Indonesian President Joko Widodo, commonly known as Jokowi, has a problem. He is due to step down in late 2024, when his second five-year term in office runs out, and the Constitution bars him from seeking a third. But his supporters want him to stay on. First, they made a clamour about trying to amend the Constitution so that Mr Jokowi could run again. Then, after their hero expressed little enthusiasm for the suggestion, saying repeatedly merely that he would obey the Constitution, they came up with another idea. He may not be able to run for the presidency again – but what about the vice presidency?
A spokesman for the country’s Constitution Court said Mr Jokowi could do so, and nothing in the Constitution specifically precludes it. Asked if Mr Jokowi could be his running mate in 2024, the assumed frontrunner Defence Minister Prabowo Subianto reportedly chuckled and said: “It’s a possibility.” If that is Mr Jokowi’s plan, he’s not letting on. “Who is this from?” he asked reporters recently. “I will explain if the [suggestion] comes from me. If it’s not from me, I don’t want to speak about it.”
This is reminiscent of the situation in the Philippines last year, when then president Rodrigo Duterte, also barred from seeking the presidency again, initially announced that he would run for the vice presidency in this year’s elections. He later thought better of it, and his daughter Sara went on to win that post in the May polls.
This is not to say that it is unsuitable for former heads of government to take up lesser posts after standing down from the highest office. It is actually quite common. One of Mr Duterte’s predecessors, Gloria Macapagal-Arroyo, became speaker of the House of Representatives of the Philippines a few years after having been president. A former British prime minister, Alec Douglas-Home, served as foreign secretary in the cabinet of his successor in the early 1970s. While in the 19th century, shortly after leaving the White House, former US president John Quincy Adams was elected as a congressman from Massachusetts and served in the US House of Representatives until his death.
But trying to become vice president to circumvent a rule preventing another presidential term sounds like seeking power by proxy. If, in either Indonesia or the Philippines, it is not against the law, it is almost certainly against the spirit of the law. And for long-term stability and good governance to become embedded and maintained, countries need not just laws but norms, including the idea of the “spirit of the law”, to become established.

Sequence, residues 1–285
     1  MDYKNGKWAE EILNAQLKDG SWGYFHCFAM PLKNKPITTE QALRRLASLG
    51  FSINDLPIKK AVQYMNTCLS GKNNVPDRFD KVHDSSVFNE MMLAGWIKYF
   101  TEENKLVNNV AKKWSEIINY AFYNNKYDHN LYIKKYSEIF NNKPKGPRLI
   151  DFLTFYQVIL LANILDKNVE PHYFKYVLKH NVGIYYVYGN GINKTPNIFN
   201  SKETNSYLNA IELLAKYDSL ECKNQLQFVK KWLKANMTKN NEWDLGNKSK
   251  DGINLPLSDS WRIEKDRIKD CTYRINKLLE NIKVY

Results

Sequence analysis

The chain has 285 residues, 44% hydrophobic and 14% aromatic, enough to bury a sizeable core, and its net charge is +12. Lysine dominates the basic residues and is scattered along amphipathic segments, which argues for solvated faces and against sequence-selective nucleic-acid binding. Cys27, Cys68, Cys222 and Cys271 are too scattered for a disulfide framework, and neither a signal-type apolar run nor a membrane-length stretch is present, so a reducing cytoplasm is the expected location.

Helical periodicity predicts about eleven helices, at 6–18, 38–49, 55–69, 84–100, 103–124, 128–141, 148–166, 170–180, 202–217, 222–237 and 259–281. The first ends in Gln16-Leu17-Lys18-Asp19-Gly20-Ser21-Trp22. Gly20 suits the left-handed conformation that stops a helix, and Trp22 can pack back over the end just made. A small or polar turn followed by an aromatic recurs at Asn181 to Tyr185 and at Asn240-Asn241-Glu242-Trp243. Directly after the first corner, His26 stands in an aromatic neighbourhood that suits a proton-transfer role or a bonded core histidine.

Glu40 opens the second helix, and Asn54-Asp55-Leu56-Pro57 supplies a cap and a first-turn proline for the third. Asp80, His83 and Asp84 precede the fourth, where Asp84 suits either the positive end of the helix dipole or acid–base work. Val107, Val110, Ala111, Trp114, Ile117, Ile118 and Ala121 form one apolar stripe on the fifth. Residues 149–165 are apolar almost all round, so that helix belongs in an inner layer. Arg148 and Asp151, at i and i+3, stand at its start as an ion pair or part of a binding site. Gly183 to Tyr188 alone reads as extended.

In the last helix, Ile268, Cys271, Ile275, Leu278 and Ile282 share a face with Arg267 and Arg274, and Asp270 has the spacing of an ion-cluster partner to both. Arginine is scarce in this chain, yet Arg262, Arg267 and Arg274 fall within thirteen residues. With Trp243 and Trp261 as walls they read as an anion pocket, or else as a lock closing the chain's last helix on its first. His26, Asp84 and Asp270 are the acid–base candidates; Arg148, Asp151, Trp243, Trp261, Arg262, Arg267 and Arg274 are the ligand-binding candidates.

The British constitutional historian Peter Hennessy calls this the “good chap theory of government”. This idea is that from politicians to civil servants, there is an ethos of respecting the system, even holding some of its traditions and procedures in awe, and of attempting neither to bend, break nor cynically misinterpret or seek a loophole in the rules.
This is what makes former US president Donald Trump’s continued refusal to accept that he lost the 2020 election so shocking. “Good chaps” certainly abide by the principle of “losers’ consent”. And this was one of the significant points about the 2018 general election in Malaysia. In developing countries, it can be a tricky moment when a governing party loses a national poll for the first time ever. Some of his opponents wondered if then prime minister Najib Razak would use his powers as head of the National Security Council to declare a de facto state of emergency. But he accepted the result, even though he knew one of the new government's first priorities would be to send him to jail. That was both entirely right, and no small thing.
By contrast, in neighbouring Thailand, the country’s Constitutional Court has just ruled that Prayut Chan-o-cha has not exceeded his constitutionally limited eight years in office, despite having been prime minister since 2014, saying that the counting only started in 2017, when the latest Constitution took effect. It is not for me to dispute the court’s ruling, but there are many who feel that the letter and the spirit of the law are at a disjuncture here. The bigger picture for the country is that, if it is going to mature as a democracy, the royalist-conservative establishment can't keep having coups every time a member of the Thaksin family wins an election. There might be legitimate concerns about the populist Thaksins, but they are also popular and they, or their proxies, have won almost every election since 2001.
Elsewhere in the region, adherence to the principle that no one is above the law is so strong in South Korea that it has become completely routine for former presidents to be jailed for corruption. That sounds impressive, although some worry about whether the law is in danger of being used as a political weapon.
The overall point is that constitutions, good practice and conventions need more than just the weight of the law to ground them hard and fast. They need to acquire a certain gravity and national status so that it should be unthinkable to try to flout them. This is especially so when a country’s military thinks of itself as a kind of super-constitutional guardian of the country – as has been the case at times in Pakistan, Myanmar and Thailand.
So Mr Jokowi needs to think very seriously about his cheerleaders’ proposal that he should stand to be vice president of Indonesia after his presidency ends in 2023. Much more would be at stake than his future proximity to power. His country is a young democracy, and it is important that its leaders continue to set an example.